19 July (1949): Alice B. Toklas to L. Elizabeth Hansen

alice_toklas

Alice B. Toklas writes to her friend L. Elizabeth Hansen, commenting on American composers, Bach, and Gertrude Stein’s aversion to reading aloud.

19 July 1949
5 rue Christine, Paris VI

Dearest Lilyana—

The young [Joe] Barrys who have just bought a charming house with a big garden high up in the woods above Montmorency which is just twenty kilometers from Paris asked me to stay with them. We have compromised—they accept me as a paying guest. It will be quite comfortable and agreeable and I go out there quietly without any railroad confusion in their car after Gertrude’s anniversary. In the old days anniversaries—other than Christmas and Gertrude’s birthday—never meant anything but now they do and everything is one. Do you know what I mean. And I have so many things to do.

Donald Gallup who is curator of American [Literature] at Yale University [Library]—really of all manuscripts—and who has been an angel to me—has been here for ten days and is coming back for two more—so I was busy with him—having him meet Gertrude’s friends. he is taking back with him my little early Picasso and the portrait of the poodle by Marie Laurencin and the red tape to get them out of the country—everything has to be passed by something called the office d’ échange beside having spent two hours at the American embassy for an affidavit—and only because I was Gertrude’s friend was I spared a second morning’s effort.

And the number of acquaintances and friends of acquaintances who have turned up and filled the flat is tiring to remember. But it has been so hot and dry that the arthritis—if it is that—is dormant for which I’m grateful.

At one moment it was very musical—a violinist—Angel Regus—was here and he gave a concert. Mozart and Bartok—yes why Bartok you may well ask—and then at a friends they played Bach and Bach and Bach and it was heavenly—not the playing but Bach—including the Italian suite—do you remember me pegging away at it—making a mess generally. And then there were some youngish Americans—whom we had known much younger—Paul Bowles and [John] Cage and Aaron Copeland—of whom the first has considerable endowment and more understanding—they did a concerto of his for two pianos—wind—and percussion instruments which interested me for a really American quality, not at all primitive but an approach to the sterner qualities of the Red Indian. Cage annoys me with a “prepared piano” and a Hindu—Tibetan—Japanese (?) scale. Aaron Copeland isn’t amusing—that was my intensive belated musical experience—the first since many years and probably the last. Of course I don’t count V. Thomson—he’s a continuation.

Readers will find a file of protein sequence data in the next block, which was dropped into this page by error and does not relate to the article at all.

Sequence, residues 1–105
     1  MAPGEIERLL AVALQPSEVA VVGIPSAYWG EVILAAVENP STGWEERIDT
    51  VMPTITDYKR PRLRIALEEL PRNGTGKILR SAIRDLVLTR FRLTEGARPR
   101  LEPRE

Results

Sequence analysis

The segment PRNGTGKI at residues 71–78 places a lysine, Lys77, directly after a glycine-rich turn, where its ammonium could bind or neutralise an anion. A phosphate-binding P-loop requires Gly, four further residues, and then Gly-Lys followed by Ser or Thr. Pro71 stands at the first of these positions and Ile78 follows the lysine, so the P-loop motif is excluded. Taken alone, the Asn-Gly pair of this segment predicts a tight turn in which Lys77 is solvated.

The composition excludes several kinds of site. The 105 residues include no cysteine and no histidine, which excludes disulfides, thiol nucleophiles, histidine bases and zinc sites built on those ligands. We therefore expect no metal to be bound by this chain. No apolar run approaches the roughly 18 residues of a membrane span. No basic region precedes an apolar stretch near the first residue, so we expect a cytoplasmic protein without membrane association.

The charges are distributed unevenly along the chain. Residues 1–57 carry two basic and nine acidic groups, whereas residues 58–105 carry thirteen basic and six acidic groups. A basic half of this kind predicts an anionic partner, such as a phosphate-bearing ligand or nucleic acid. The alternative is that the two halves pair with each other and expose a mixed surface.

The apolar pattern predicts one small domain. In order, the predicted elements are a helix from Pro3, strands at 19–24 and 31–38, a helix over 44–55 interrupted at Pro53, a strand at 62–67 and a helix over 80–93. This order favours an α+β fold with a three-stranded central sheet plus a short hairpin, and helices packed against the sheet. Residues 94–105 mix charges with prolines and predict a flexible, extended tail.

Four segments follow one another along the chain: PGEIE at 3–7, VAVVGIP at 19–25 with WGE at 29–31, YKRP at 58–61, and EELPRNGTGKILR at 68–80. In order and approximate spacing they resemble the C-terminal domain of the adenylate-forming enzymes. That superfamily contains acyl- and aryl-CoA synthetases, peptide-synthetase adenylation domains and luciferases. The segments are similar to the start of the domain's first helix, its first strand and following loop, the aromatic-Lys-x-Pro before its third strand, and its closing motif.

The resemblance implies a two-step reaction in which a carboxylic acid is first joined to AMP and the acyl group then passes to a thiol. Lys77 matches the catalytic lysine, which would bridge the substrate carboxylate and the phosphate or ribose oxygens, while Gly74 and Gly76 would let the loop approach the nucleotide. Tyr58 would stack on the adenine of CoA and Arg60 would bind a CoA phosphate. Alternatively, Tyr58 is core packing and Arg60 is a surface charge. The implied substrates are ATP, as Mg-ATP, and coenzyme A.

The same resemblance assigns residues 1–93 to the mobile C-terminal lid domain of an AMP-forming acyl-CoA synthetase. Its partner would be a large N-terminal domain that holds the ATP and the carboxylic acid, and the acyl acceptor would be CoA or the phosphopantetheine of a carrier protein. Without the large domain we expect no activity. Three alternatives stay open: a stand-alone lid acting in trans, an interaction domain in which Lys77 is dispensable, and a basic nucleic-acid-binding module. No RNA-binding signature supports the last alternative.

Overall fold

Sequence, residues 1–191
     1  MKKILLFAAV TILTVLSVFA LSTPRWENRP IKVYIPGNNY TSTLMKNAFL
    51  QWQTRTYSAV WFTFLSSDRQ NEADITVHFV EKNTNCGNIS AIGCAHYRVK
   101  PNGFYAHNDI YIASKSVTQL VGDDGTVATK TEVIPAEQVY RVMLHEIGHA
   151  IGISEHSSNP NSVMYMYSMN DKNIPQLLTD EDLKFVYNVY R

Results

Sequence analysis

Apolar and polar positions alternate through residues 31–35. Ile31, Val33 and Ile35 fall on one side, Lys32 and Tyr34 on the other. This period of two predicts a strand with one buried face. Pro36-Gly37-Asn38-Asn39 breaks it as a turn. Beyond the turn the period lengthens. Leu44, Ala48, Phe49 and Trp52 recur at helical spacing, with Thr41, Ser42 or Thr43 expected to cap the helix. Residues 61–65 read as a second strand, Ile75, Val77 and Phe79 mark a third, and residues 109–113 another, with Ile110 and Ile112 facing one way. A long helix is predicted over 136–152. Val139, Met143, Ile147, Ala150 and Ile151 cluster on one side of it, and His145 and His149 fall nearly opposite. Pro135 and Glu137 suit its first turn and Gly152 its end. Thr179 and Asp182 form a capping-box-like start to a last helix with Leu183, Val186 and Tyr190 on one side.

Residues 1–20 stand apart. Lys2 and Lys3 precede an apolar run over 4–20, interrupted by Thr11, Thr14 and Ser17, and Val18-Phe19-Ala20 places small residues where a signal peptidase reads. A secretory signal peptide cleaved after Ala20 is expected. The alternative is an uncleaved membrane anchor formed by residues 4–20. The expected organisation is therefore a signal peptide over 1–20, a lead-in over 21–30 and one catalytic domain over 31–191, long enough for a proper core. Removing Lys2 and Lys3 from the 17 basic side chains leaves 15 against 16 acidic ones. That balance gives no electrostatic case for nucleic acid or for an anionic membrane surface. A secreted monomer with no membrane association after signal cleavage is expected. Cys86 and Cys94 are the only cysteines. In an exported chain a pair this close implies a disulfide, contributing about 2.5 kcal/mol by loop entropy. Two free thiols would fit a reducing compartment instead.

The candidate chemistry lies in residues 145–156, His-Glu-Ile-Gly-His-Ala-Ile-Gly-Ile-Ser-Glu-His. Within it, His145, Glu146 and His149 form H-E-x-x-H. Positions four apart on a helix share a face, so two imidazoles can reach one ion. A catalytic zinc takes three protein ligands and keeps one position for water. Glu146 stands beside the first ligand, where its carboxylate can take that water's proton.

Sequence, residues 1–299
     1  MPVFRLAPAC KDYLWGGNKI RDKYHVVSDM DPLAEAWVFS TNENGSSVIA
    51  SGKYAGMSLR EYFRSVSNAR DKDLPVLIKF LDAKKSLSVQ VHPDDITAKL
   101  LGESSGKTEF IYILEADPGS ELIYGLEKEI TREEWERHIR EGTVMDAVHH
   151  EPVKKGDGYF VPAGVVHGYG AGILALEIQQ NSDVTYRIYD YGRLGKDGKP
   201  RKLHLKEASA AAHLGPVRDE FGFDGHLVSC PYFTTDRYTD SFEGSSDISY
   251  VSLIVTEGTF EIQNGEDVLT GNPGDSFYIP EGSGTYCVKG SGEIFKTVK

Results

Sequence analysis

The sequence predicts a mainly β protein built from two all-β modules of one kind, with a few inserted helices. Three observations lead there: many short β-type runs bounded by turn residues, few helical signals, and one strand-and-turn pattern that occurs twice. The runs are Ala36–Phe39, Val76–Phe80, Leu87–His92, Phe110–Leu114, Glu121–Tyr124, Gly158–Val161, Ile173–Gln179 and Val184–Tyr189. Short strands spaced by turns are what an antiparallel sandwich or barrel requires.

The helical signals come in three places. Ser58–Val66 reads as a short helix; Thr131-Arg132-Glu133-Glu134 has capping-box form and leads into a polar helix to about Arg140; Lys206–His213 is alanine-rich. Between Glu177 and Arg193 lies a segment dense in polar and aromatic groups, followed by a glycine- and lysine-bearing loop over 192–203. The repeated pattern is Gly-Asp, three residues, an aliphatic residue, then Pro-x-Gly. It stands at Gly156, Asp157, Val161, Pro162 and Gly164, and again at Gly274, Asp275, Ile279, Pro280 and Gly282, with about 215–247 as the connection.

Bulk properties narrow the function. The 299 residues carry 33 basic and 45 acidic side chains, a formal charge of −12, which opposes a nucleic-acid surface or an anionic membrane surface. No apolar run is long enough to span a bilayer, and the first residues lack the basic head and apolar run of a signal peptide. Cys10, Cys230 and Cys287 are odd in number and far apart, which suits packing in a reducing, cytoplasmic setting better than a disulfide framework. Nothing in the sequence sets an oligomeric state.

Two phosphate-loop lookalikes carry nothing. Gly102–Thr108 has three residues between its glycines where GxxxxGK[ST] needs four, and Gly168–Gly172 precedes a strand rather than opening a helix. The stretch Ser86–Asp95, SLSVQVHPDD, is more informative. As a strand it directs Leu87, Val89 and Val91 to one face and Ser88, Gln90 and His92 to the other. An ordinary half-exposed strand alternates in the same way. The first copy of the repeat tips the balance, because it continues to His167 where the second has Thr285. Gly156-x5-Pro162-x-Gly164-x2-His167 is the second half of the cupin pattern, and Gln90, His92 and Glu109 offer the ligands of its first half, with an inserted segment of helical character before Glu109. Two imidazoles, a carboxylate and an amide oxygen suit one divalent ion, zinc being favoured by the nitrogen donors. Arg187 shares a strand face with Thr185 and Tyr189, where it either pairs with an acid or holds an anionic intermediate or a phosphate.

No you and Clare [de Gruchy] accomplished things. You lived and saw deeply and well and I of think this and you both often. Yes there’s Bach in Juan Gris—if you mean supreme discipline and order and no superficial melody or [word?] sensuousness. Ubu Roi as puppets. What’s this. I’ve no memory of it as approaching puppets—either in the beginning—middle or end. it was written either when he was still at the lycée of immediately after with a boy’s—especially a kind of French boy’s—exuberance and mockery and of course their great sense of drama. And that’s all. Anything more is just read in.

Gertrude didn’t like reading aloud because she just couldn’t tolerate being read aloud [to]. The French never give you a manuscript to read—they read it aloud to you or make an appointment to do so. This used to be a considerable annoyance to Gertrude. She never heard what was read to her. She thought that there were really two different things—the spoken language and the written prose as well as poetry. When the students used to ask her—Why don’t you speak as you write—she used to answer—Do you think Shelly [sic] spoke like the “Ode to the Nightingale” or any other author like his written work. More like it perhaps than anyone else perhaps but not the same. As for the music which disengages itself more easily from a work when it is read aloud she said that was not intentional with her—music there was—particularly at one period—but that that was a by product. And still if people could enjoy reading aloud or being read aloud to—she was all for everyone’s getting their pleasure in  their own way. In one of the conversations with Picasso after the liberation she was saying more or less this ending with—I read with my eyes not my ears—ears are inside me. To which Picasso said—Of course writers write with their eyes painters paint with their ears. And further neither painters nor writers have ever been painted with their mouths open. Well I’ve gotten to the end of the subject—of the page—of your patience and my time. Hurrah for December when Agnes and you will be over.

Fondest love always

Alice

 

FURTHER READING

Click here for a more in-depth look into the life of Alice B. Toklas and her inspiring relationship with Gertrude Stein.

For a website devoted to capturing the unintentional music of Stein’s prose, click here.